For 56yrs, we have heard of the Anglophone problem and in the last 4yrs, we have gone to extremes to seek answers but what do we mean by anglophone’s problem in Cameroon?
I would focus this short analysis on two mean objectives;
Firstly; before the creation of The University of Buea (UB), it was used as one example of marginalisation of anglophones by francophones. Yes and we decided to fight for it and it came. There is no problem without a direct solution but when the solution does not address that unique problem fully, one can only conclude that it was not a major problem or portrayed rightly.
Before the creation of UB, the central argument among the people calling themselves Anglo was that, they had no choice and are being forced to study in French universities and forced to learn French in an attempt to slowly make Cameroon a French speaking country. Who is right and who is wrong is not the subject of this short narrative. Decades after the creation of UB, what is the outcome is the point of this article. Today, in Cameroon, out of 5 students graduating from high school in the English speaking zone or of their families only 2 or something 1 ends up in UB 1 in Bda and the rest in the francophone universities. At one point since the creation of UB, French speaking student altered their names to look more of south westerner’s name just to gain admission to UB. These ment, with their actual names, admission was basically impossible. At one point, a south westerner’s name was the golden ticket to access entry or jobs. This was when the university was under Agbor.
Now I ask all those crying anglophones problems, did the university address your problem? Why are more English speakers still attending French speaking universities? Why are French sparky studying English a trend we can see today right down to nursery schools? Why were names used an obstacle to some? Some will argue of population growth without asking why they are unable to balance their own needs of truly their quest was evident based? Let the readers draw their own conclusions.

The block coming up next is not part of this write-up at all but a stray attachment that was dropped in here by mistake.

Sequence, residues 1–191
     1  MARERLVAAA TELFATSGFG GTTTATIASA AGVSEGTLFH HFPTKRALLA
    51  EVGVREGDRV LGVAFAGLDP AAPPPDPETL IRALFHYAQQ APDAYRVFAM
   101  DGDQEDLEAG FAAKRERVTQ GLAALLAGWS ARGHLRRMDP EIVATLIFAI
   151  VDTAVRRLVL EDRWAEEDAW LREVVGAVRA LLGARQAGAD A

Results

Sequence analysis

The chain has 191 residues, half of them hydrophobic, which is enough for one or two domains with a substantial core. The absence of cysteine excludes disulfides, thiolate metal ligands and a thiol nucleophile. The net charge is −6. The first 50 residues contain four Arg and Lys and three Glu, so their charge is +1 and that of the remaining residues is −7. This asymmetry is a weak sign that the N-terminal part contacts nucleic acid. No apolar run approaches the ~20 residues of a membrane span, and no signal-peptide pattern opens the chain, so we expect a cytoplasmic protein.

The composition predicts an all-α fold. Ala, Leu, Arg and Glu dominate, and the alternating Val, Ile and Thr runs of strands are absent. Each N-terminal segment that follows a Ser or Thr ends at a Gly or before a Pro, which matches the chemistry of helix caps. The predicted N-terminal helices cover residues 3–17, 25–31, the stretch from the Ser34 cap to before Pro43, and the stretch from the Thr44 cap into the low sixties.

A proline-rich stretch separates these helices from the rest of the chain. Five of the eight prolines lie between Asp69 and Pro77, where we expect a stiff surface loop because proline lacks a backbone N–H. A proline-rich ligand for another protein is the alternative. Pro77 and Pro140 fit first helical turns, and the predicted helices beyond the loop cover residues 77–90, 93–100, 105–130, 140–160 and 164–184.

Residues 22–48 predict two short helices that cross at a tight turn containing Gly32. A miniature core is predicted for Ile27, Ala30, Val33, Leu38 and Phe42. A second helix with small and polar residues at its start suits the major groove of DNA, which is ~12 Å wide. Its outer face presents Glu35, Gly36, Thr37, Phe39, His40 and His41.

Secondly, the anglophones complain of the closure of businesses and companies like the marketing board, menchum fall etc as marginalisation of anglophones. One can not argue against what is true but what can examine if what we class as Marginalisation against anglophones stand up to scrutiny. In the history of civilisation, business are dynamic but the people endure. I will ask a simple question to the very anglophones, was Cameroon Airlines and Cameroon bank different to the fall of marketing board? Of all the companies that collapse in the English speaking zone, how many were own by anglophones and what other companies have they erected decades after? Are companies only collapsing in the English speaking zone? Looking at Menchum fall, I would like to hear from people who perceive it as a problem before we look around the globe to make comparison and viability especially England, Newcastle and the themes.
One can see these nationwide problems in real terms or use them to stage a political apparatus but I can only conclude that these are more of Cameroon issues than political issues of marginalisation by francophones. The question to those using these issues politically to present a marginalisation apparatus is simply; in 56yrs what have you done for yourselves and your community? Who is not marginalised and how?